If an individual does have insurance, he, or she, then has to determine whether or not a medical facility is "in" network to take advantage of the insurance. Insurance carriers negotiate with hospitals to get discounted rates on different procedures, which is why individuals typically pay less when an in-network provider performs the procedure at an in-network facility.
It’s not at all unusual for contracts between the carriers and the hospitals to include a gag clause, making it impossible for either the carrier or the hospital to talk about the rates they’ve negotiated as part of their network agreement.
Floyd Medical Center indicates the chargemaster amounts listed on the hospital websites are the amounts billed to an insurance company, Medicare or Medicaid.
"Those insurers and government payors then apply their contracted reimbursement rates to the services that are billed. Patients who do not have insurance may qualify for financial assistance," the statement reads.
Rome State Sen. Chuck Hufstetler surprised many local business and government leaders Thursday morning during the annual Rome Floyd Chamber Pre-Legislative Forum when he said that Georgia was the number one state for "narrow networks" and that several different approaches to expanding coverage of the networks are being considered by the General Assembly.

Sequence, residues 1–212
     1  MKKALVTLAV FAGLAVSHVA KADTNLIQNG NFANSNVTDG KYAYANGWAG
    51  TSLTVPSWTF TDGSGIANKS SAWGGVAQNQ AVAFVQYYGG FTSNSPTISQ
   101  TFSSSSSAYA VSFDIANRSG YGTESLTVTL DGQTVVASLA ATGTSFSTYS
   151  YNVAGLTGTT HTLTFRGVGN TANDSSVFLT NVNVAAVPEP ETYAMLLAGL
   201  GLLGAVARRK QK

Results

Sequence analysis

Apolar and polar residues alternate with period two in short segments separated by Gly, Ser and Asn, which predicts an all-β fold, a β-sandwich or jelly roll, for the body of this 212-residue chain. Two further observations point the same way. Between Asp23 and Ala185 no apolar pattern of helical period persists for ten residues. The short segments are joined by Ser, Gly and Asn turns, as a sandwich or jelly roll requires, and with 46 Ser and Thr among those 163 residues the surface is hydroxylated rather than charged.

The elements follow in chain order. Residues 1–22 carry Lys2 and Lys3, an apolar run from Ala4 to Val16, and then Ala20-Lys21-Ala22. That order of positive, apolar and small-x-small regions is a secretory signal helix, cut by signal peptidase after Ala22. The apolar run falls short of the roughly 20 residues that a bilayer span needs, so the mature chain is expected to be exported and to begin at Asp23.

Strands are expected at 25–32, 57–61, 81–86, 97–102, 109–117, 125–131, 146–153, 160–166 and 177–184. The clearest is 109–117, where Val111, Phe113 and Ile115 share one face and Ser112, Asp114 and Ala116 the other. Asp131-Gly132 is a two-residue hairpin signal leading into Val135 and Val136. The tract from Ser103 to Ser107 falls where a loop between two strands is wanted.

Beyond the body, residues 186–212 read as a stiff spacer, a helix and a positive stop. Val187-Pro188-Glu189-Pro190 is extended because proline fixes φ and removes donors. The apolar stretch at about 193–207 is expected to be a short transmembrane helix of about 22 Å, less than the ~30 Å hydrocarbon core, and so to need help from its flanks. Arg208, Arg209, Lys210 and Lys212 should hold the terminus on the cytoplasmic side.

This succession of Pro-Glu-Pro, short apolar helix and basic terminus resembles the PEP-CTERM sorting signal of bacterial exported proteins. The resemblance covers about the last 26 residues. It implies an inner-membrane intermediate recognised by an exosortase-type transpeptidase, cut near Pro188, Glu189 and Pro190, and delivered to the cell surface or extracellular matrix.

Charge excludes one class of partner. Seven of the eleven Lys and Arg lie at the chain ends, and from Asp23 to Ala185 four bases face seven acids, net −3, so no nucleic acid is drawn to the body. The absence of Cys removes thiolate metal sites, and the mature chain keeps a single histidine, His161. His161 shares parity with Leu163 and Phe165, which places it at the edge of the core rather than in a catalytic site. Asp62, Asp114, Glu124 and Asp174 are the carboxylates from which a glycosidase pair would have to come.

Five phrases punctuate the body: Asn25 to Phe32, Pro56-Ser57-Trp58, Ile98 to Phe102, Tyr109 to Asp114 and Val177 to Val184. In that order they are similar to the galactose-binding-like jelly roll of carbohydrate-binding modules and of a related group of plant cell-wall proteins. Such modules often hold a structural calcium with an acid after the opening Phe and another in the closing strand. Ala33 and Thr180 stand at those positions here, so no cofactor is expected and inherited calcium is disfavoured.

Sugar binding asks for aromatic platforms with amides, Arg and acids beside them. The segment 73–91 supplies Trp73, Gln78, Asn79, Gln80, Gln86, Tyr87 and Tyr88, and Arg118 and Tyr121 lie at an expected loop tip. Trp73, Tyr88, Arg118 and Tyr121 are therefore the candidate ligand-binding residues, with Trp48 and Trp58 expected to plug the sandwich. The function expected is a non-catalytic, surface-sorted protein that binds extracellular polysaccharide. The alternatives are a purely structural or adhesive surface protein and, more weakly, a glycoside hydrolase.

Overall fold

FMC officials say the most reliable way to compare pricing is to find out the old-fashioned way. Call the hospital for an estimate.
"Once you supply information about your insurance coverage and the procedure or service your physician is recommending, the hospital representative will be able to estimate how much your insurance will cover, your co-pay amount and whether you qualify for financial assistance," reads the statement from the hospital.
Floyd patient financial services representatives are available at 706-509-3777. Redmond officials are available at 706-291-0291, extension 3951.